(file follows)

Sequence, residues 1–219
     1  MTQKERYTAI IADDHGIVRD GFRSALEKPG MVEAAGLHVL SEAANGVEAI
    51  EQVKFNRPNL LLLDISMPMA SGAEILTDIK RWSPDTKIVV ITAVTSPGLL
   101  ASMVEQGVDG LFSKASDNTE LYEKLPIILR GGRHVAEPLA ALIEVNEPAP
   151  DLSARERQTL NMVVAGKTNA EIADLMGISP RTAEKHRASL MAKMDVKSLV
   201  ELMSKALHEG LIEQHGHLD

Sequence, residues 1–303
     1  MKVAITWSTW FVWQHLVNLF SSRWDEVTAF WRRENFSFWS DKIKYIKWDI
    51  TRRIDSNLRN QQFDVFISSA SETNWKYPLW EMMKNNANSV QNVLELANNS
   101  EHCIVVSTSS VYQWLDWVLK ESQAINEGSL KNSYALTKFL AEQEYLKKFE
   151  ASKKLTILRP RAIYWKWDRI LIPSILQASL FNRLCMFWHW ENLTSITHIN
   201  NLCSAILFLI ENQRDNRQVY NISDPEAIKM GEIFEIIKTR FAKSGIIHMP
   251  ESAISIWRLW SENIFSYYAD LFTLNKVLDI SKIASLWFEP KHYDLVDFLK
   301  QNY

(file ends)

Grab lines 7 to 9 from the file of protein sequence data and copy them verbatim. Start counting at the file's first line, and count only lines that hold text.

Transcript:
Sequence, residues 1–303
     1  MKVAITWSTW FVWQHLVNLF SSRWDEVTAF WRRENFSFWS DKIKYIKWDI
    51  TRRIDSNLRN QQFDVFISSA SETNWKYPLW EMMKNNANSV QNVLELANNS